Mr. Acheson3 stated that he agreed with the recommendations. Mr. Eccles4 also agreed but commented upon the impressions he had gained during the course of the negotiations. The United States had expected so far as possible that the British would obtain permanent settlements and that temporary settlements would be a very secondary choice. We could not obligate the British to make permanent settlements but it was the impression that they intended to try to do so. There would be great advantage to the British if they could make permanent settlements and in turn there would be an advantage to us so far as the British loan was concerned. In view of their present straitened circumstances, the British as a great debtor nation are in a position to dictate terms. Within five years the British could be expected to be in a stronger financial position and hence less likely to obtain favorable terms. The United States would be very desirous of having settlements favorable to the British because many of the obligations were created on the basis of inflated prices and in a sense the obligations were comparable to those under lend-lease. However, [Page 8] the further the war recedes into the background the less likelihood there is that these obligations will be related to the sacrifices the British made during the war. There will be more of a feeling that these are obligations that should be paid. The experience of the United States after the first World War could be cited as a parallel. Mr. Eccles felt strongly that everything possible should be done to get permanent settlements, including every encouragement this country could give.

The Chairman5 agreed that this was a sound argument but pointed out that some countries were taking an adamant position. Mr. Blaisdell6 commented upon the political difficulties that stood in the way of permanent settlements with certain areas at this time but suggested that it might be desirable to brief the new Ambassador to India on this matter.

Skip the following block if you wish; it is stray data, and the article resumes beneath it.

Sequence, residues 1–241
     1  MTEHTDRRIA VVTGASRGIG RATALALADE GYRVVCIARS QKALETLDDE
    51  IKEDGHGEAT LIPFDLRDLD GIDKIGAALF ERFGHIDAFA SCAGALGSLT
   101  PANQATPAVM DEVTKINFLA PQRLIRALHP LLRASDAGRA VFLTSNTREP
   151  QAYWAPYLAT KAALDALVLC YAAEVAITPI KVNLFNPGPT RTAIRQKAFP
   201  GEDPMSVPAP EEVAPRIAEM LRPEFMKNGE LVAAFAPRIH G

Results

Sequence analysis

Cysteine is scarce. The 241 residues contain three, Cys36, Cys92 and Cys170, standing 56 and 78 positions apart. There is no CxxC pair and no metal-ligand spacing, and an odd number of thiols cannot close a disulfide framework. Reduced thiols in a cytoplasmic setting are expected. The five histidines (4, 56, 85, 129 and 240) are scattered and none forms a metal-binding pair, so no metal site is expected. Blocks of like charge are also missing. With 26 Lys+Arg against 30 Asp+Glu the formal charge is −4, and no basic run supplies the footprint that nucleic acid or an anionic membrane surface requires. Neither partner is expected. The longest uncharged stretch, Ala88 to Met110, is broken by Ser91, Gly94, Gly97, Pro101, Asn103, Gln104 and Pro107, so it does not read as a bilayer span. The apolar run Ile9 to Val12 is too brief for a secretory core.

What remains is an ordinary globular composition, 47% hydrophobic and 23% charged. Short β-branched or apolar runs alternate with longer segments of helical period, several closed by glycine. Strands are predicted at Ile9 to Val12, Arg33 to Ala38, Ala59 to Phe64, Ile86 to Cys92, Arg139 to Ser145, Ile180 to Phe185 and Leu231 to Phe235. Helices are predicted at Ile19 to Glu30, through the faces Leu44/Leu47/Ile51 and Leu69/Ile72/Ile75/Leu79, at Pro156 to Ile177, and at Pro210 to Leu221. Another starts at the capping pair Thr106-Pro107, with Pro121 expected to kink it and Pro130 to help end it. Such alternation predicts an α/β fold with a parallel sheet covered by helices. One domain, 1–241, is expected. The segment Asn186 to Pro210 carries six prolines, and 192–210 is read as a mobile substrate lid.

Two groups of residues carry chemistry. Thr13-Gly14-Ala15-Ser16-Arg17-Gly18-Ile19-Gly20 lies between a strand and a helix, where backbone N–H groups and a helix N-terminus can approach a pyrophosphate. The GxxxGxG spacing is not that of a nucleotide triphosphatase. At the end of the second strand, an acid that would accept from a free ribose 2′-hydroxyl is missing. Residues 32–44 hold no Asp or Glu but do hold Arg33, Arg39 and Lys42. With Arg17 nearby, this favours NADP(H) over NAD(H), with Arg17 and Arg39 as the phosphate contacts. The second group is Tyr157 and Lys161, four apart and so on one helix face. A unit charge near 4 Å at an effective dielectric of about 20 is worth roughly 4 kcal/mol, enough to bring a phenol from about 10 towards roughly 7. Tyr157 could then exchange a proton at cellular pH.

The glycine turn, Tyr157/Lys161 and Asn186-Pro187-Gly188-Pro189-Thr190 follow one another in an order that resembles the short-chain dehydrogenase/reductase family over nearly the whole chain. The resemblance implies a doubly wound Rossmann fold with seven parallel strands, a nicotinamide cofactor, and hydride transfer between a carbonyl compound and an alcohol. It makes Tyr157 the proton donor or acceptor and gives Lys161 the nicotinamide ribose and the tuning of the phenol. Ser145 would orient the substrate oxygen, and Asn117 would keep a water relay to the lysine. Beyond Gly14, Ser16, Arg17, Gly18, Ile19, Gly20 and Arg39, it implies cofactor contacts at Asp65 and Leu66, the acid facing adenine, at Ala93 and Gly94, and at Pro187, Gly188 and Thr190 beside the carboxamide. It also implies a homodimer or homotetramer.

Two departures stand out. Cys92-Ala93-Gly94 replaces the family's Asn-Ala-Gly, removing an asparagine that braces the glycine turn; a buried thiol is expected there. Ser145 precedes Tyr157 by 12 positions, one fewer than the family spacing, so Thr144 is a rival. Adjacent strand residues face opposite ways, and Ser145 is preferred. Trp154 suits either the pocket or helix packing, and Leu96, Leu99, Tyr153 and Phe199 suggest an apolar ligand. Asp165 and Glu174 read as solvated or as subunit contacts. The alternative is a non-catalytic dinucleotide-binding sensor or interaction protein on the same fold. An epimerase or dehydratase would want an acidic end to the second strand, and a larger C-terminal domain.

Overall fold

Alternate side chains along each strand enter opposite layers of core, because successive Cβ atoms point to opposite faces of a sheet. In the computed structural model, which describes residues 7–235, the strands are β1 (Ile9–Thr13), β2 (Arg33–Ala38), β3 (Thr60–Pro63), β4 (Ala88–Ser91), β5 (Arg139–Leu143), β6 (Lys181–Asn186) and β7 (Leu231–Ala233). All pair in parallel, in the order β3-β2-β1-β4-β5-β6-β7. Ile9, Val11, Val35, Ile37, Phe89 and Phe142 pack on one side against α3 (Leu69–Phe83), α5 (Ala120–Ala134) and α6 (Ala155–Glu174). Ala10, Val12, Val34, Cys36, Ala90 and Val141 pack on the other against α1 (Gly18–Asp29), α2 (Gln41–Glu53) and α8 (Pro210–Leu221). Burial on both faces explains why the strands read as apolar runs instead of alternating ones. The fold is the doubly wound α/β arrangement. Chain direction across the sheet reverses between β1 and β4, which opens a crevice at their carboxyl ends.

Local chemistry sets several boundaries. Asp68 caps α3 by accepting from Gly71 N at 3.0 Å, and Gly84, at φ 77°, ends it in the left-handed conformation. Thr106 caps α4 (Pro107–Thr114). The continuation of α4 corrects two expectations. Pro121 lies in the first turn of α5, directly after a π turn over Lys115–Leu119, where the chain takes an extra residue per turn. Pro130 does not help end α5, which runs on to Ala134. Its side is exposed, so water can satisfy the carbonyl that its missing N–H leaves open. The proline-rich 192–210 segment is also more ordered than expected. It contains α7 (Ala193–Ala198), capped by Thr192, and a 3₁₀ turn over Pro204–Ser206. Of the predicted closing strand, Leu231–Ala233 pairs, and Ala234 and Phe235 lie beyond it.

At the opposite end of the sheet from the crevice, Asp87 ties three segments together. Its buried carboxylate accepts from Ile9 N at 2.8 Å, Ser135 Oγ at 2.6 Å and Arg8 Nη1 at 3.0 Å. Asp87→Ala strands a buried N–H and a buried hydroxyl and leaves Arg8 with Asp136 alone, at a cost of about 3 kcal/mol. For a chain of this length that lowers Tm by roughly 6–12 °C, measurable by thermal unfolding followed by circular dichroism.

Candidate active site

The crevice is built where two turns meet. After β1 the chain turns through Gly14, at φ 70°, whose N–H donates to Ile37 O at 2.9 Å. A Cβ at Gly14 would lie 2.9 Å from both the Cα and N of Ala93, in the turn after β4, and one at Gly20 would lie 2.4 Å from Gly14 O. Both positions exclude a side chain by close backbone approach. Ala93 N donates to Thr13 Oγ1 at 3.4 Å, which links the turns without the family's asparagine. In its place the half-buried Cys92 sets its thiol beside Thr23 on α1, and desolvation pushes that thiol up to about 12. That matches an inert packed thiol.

Action. The following action was taken:

The Secretary of the Treasury should at the earliest possible date explore fully with the appropriate officials of the British Government the nature and progress of British plans for implementation of Sections 8 and 10 of the Financial Agreement. In particular, he should:

express his appreciation of the efforts on the part of the British negotiators to keep this Government informed of the sterling settlement negotiations;
obtain additional detailed information as to the nature and progress of the negotiations, and plans for further negotiations;
inform the British of the importance to the United States of being regularly informed as to the rate and manner of releases from accumulated sterling balances after July 15; especially in the event the British propose not to segregate sterling which is not available for current expenditure;
in the event the British propose to make temporary settlements of the sterling balances
express, if it appears appropriate, his confidence that the decision to reach temporary settlements will be made only after every possible effort has been exerted to reach satisfactory permanent settlements;
express his confidence that, should temporary settlements prove necessary, the U.K. will at the earliest favorable opportunity endeavor to obtain the completion of final settlements consistent with the principle of non-discriminatory use of accumulated sterling balances.

[Here follows discussion of other subjects.]

  1. Orvis A. Schmidt, Acting Secretary to the National Advisory Council.
  2. Not printed.
  3. Under Secretary of State Dean G. Acheson.
  4. Marriner S. Eccles, Board of Governors, Federal Reserve System.
  5. Secretary of the Treasury John W. Snyder.
  6. Thomas C. Blaisdell, Jr., Department of Commerce.